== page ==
This morning in a statement to Energy News, the company confirmed it had put its workover program on-hold after a contractor was struck on the left arm and back by equipment.
Regulator the National Offshore Petroleum Safety and Environmental Management Authority issued the notice this week.
The worker suffered non-life-threatening bruising and abrasions.
VOGA has launched an investigation into the "human factors that may have led to the event" and systemic factors that contributed to the incident.
The manned Wandoo B platform is still producing however workover activities have been halted until the investigation is completed and NOPSEMA gives VOGA the green light to recommence.
At this stage it is unknown how long the workover program will be put on hold.
"Vermilion accepts the NOPSEMA safety notice and is in the process of completing its investigations and implementing operational changes," it told Energy News in a statement.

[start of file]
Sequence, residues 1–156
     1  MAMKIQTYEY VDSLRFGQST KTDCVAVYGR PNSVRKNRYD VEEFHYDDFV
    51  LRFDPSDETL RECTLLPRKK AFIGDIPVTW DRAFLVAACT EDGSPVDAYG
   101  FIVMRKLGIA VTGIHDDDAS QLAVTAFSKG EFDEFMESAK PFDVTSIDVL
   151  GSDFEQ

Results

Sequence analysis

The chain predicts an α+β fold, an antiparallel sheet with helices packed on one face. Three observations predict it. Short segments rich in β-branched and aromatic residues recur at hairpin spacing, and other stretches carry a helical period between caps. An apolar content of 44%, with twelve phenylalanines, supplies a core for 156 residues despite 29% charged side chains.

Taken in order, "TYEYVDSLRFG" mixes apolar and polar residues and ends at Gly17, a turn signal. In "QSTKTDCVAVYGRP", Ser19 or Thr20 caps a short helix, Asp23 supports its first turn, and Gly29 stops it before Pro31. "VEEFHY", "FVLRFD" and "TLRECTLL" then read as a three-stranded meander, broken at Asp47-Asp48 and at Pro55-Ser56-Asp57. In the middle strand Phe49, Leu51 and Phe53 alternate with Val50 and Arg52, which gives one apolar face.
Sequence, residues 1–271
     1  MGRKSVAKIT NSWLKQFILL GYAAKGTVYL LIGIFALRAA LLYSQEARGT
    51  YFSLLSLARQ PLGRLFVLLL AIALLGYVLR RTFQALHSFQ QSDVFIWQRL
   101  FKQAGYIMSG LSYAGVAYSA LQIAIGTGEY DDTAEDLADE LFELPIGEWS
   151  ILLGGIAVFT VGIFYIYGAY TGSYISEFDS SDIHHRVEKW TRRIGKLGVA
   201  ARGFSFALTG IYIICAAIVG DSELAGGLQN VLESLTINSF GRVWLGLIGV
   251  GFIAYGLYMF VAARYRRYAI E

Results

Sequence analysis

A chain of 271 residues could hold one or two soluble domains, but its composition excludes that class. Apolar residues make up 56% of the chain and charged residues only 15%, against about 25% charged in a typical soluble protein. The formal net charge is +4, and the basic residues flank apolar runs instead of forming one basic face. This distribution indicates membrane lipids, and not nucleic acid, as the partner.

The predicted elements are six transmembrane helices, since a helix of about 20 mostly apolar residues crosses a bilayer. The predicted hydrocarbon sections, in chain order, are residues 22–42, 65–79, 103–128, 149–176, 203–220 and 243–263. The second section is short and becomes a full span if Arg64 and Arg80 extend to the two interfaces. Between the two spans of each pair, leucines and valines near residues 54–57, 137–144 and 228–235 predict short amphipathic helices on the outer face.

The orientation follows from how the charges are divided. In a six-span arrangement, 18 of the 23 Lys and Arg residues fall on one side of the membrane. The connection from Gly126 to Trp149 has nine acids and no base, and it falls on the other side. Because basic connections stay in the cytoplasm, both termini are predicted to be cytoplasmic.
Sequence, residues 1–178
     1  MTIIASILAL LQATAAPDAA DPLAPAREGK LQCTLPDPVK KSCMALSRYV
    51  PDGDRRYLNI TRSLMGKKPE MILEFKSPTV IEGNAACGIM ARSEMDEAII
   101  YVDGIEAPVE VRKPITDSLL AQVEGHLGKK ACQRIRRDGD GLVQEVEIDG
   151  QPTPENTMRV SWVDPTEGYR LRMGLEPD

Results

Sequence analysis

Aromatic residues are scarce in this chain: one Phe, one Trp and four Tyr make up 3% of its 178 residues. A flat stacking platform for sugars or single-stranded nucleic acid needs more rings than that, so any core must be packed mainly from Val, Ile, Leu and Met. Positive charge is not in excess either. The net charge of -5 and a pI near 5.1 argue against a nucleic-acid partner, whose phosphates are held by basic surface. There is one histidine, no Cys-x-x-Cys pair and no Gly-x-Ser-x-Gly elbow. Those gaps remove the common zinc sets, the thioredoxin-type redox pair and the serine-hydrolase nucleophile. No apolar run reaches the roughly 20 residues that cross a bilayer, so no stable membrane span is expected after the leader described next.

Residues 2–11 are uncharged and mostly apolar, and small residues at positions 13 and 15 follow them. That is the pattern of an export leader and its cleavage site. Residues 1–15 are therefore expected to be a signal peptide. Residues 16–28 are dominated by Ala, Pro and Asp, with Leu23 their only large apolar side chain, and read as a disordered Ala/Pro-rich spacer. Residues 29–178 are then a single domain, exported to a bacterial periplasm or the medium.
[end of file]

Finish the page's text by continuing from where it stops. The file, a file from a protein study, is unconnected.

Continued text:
VOGA was also issued a less severe improvement notice from the regulator after an inspection of the Wandoo B facility revealed widespread surface corrosion.
Corrosion was observed on plant and equipment on the active firewater system, deluge system, safety-critical valves, production flanges, valve assemblies, the blast wall, handrails, pipe racks, emergency lighting and alarms.
Surface corrosion is not as serious as internal corrossion and VOGA has been given 180 days to comply with the order.
NOPSEMA issued the improvement notice warning that unless remediation and refurbishment aboard the platform was undertaken the facility could pose a safety risk to workers and could result in a "loss of hydrocarbons."
VOGA has 180 days to comply with the order.
"Vermilion accepts and understands the decision of NOPSEMA and have been working proactively with the regulator to resolve the issue. Strategies are being implemented to manage potential risks posed by surface corrosion," the company said in its statement.
It has been more than six years since VOGA was issued a notice by the regulator.